Paradoxically, and perhaps partly because the individual is seen as responsible for their plight, the concept of addiction has not always led to moral sympathy for the addict. Perhaps this is partly because the individual is seen as responsible for their plight. If they hadn’t drunk too much (or perhaps if they hadn’t drunk at all) they would never have become alcohol dependent. However, I think that this lack of sympathy also concerns the emphasis that is placed upon the difference that is perceived between the addict or alcoholic and other people. Instead of being sinful as we are all sinful, the addict comes to be viewed as sinful in a different kind of way, or to a greater degree. In fact, the so called “moral model” has become the subject of much criticism in scientific and medical circles. The more enlightened view is to understand the addict as sick rather than sinful. I would suggest that this view owes more to the enlightenment than to Christian tradition. It is a morality which singles out the other person as different from self, rather than one which understands all human beings as sinful, including oneself. It is a morality which ignores or overlooks one’s own failings and draws attention to those of someone else.

Unfortunately, scientific and theological debate no longer take place in the same forum. Matters of religion are largely relegated by secular society to the private domain. As areas of academic discourse theology and science are discussed in completely different journals, conferences and common rooms, as though they had little to do with each other. The implication is clearly that theology is no longer considered necessary to a proper understanding of matters such as addiction and drunkenness. And yet, spirituality – largely as a result of the work of Alcoholics Anonymous and its sister organisations – is increasingly considered to be vital to provision of holistic treatment, and addictive disorders are viewed by many as being a spiritual problem. Theology has thus been replaced by science, and religion by spirituality. Does Christianity (or any of the world’s other major faith traditions) any longer have anything important to contribute to the debate?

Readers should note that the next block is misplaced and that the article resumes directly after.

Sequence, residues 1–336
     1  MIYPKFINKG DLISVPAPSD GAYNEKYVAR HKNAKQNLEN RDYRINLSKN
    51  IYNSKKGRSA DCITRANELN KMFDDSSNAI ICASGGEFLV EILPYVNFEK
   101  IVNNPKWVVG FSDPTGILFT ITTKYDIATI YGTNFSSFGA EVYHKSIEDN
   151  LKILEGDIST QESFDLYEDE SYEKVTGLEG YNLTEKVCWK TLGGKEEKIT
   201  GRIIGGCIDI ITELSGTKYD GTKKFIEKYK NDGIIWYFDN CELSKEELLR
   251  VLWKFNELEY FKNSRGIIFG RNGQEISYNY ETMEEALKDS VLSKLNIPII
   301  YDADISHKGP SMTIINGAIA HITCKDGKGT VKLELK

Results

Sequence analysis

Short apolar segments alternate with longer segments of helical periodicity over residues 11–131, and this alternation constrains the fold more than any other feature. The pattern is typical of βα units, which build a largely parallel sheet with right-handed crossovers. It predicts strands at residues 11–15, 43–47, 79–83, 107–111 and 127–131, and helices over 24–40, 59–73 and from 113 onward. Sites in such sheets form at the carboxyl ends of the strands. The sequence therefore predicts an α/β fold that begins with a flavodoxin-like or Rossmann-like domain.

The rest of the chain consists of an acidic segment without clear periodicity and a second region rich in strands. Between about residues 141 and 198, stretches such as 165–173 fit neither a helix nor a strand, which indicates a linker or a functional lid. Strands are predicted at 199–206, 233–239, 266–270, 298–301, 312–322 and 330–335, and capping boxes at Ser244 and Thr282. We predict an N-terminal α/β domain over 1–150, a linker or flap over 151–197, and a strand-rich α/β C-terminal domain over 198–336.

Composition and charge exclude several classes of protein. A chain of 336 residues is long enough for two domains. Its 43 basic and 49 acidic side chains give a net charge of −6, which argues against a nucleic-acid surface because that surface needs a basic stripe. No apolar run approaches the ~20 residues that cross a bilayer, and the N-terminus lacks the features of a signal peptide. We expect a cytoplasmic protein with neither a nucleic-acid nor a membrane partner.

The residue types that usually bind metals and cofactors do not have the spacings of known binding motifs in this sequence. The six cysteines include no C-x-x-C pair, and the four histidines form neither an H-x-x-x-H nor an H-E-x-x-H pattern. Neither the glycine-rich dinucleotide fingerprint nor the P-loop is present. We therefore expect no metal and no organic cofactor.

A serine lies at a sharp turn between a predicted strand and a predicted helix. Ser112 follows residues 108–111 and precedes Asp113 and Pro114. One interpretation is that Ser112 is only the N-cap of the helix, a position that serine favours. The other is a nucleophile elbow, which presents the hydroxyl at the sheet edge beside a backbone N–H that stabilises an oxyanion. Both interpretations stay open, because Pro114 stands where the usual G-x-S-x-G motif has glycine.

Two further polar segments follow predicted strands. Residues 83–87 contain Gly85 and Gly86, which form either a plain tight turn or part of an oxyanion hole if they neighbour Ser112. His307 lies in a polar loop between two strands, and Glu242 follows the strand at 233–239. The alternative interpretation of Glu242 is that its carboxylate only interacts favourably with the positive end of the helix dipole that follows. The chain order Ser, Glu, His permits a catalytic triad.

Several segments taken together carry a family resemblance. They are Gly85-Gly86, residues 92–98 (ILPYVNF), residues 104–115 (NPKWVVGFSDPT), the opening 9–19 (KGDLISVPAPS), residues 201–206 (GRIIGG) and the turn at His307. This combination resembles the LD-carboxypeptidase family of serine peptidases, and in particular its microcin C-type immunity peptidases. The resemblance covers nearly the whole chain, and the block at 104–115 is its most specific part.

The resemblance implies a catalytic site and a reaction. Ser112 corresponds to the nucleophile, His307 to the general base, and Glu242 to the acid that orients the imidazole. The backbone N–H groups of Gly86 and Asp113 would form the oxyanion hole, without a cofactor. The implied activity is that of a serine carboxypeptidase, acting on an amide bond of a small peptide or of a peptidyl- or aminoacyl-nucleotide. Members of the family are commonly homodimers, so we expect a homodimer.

It is my contention that Christian theology does have an important contribution to make to an understanding of addictive disorders – and particularly to an understanding of the ethics of alcohol use and misuse.

However, this contribution is best appreciated not by a narrow focus on scriptural texts making explicit reference to drunkenness, but rather by broader theological reflection on the phenomenon of alcohol dependence and addiction. In my book, Alcohol, Addiction and Christian Ethics, I have taken two Christian texts for detailed study, on the basis that they appear to reflect a phenomenologically similar experience to that of the subjective compulsion of alcohol dependence. The first of these is St Paul’s discussion of the divided self in Romans 7, and the second is Book 8 of the Confessions of St Augustine of Hippo, both texts which reflect an understanding of the ways in which individuals can struggle within themselves in respect of behaviour to which they aspire.

In Romans 7 (vv15-19), for example, St Paul writes:

“I do not understand my own actions. For I do not do what I want, but I do the very thing I hate. Now if I do what I do not want, I agree that the law is good. But in fact it is no longer I that do it, but sin that dwells within me. For I know that nothing good dwells within me, that is, in my flesh. …….I can will what is right, but I cannot do it. For I do not do the good I want, but the evil I do not want is what I do.”